The Syrian American Medical Society (SAMS) published a report on January 11, 2017, that surveys attacks on healthcare facilities and medical workers across Syria in 2016. According to the twenty page document, a total of 252 hospitals and medical staff were targeted last year, mostly by aerial bombardment.

The report claims that at least 172 of these attacks took place during the latter half of 2016—between June and December—and that the Syrian government and its Russian allies were responsible for at least 98% of them. Additionally, 42% of all attacks during the second half of 2016 occurred in Eastern Aleppo alone, and ultimately led to the complete destruction of every last hospital in the city by November.

Throughout the year, all forms of medical facilities, including ambulances, were allegedly targeted by the regime and its allies. This includes “[b]irth centers, incubator units, primary health centers, asthma centers, insulin clinics, psychological support centers, ambulatory facilities, vaccination centers, makeshift hospitals, and even a forensic medicine center.” SAMS’s own hospitals in Syria, which are some of the most fortified and protected, were also targeted by bunker busters and destroyed on at least two occasions. In both instances, the affected hospitals were forced to end their services.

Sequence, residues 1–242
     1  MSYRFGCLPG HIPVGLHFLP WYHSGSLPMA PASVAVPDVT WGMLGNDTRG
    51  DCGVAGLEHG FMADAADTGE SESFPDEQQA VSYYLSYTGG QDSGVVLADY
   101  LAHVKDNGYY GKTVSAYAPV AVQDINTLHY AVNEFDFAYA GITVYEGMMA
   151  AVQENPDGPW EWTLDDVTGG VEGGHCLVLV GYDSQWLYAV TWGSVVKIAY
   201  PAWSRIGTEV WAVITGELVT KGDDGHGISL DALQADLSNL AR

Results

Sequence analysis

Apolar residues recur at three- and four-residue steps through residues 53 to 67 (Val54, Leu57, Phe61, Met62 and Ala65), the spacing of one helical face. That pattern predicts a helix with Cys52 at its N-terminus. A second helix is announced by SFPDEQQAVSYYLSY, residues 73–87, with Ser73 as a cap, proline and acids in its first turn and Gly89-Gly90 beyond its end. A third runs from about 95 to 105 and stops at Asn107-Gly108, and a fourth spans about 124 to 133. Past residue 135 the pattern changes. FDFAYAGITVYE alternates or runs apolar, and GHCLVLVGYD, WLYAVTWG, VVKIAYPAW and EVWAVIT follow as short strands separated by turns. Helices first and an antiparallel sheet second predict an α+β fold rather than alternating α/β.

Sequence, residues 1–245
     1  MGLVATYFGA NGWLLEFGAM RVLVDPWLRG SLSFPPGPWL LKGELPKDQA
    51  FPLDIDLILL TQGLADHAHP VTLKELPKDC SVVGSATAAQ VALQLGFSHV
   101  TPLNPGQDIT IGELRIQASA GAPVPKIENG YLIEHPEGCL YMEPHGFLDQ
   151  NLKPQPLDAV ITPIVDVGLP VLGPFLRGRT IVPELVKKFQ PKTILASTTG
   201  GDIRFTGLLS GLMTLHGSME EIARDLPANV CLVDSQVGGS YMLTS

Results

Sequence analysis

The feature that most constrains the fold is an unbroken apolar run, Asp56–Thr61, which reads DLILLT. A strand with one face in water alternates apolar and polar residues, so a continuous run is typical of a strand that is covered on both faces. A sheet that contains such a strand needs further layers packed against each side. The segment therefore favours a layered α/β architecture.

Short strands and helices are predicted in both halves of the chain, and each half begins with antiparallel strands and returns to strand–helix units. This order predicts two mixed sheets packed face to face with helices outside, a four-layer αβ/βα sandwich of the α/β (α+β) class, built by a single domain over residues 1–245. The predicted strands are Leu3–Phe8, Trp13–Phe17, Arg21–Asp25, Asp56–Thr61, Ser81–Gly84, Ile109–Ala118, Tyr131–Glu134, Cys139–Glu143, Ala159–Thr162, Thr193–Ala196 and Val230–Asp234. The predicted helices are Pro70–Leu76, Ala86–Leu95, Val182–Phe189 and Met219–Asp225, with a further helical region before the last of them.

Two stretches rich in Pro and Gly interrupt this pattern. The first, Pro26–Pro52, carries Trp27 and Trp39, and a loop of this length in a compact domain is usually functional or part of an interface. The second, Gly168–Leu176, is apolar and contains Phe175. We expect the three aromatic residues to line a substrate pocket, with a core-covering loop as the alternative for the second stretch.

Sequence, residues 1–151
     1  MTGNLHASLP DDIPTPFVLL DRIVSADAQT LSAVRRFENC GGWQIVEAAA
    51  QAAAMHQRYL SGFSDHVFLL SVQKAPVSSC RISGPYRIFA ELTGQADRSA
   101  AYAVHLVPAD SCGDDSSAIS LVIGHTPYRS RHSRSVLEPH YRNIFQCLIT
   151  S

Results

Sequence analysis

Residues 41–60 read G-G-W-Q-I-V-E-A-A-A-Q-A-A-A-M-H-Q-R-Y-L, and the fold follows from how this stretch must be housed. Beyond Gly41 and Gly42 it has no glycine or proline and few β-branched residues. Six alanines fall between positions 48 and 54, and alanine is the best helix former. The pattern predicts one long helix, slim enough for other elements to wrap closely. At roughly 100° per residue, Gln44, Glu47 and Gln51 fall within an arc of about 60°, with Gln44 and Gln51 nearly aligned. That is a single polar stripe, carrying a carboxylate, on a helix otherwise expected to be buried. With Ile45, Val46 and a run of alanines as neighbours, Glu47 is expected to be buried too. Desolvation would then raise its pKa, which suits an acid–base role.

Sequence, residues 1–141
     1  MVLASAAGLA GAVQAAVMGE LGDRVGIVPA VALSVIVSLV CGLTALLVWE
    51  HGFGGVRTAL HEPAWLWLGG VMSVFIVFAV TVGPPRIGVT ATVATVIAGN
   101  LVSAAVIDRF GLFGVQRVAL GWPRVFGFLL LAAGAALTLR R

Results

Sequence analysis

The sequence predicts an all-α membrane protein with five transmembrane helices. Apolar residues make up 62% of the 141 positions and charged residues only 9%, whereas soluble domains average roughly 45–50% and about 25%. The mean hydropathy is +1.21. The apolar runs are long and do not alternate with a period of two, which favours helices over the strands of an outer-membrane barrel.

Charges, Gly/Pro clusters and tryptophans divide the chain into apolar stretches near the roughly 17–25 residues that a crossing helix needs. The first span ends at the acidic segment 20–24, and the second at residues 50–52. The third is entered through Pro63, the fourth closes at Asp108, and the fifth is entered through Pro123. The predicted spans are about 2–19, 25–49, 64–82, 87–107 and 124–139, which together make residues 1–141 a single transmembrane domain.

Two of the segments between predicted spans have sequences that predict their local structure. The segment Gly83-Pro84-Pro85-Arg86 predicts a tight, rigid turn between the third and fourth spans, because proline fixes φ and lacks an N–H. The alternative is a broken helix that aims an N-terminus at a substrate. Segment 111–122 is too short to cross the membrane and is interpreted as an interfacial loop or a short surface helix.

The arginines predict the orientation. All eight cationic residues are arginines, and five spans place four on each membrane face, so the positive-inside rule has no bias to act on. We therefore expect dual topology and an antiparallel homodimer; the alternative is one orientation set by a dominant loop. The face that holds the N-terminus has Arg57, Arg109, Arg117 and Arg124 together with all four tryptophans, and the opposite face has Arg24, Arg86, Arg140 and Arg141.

There was an average of approximately one attack every two days on medical facilities in 2016, an increase from one every four days in 2015. This meant that health workers and hospitals were almost constantly under fire last year. Even ceasefires, which generally reduced hostilities, failed to substantially protect hospitals and health workers against death and destruction.

SAMS’s report also highlights the failure of United Nations Security Council Resolution 2286, which “strongly condemned” attacks against medical facilities, but did not mitigate the country’s healthcare crisis in any way at all. In fact, as the report shows, the UN Resolution not only failed to protect hospitals and health workers, but “the rate of attacks increased increased to once every 29 hours—an 89 percent increase” after its passage.

SAMS believes that unless a lasting truce is realized, the only way Syrian hospitals and medical workers can reasonably avoid the same calamities in 2017 is if hospital facilities are fortified to withstand constant bombardment. As such, “[u]ntil options beyond condemnations are considered, targeting health workers will continue to be an acceptable strategy in Syria’s conflict.”

Read the full report here.

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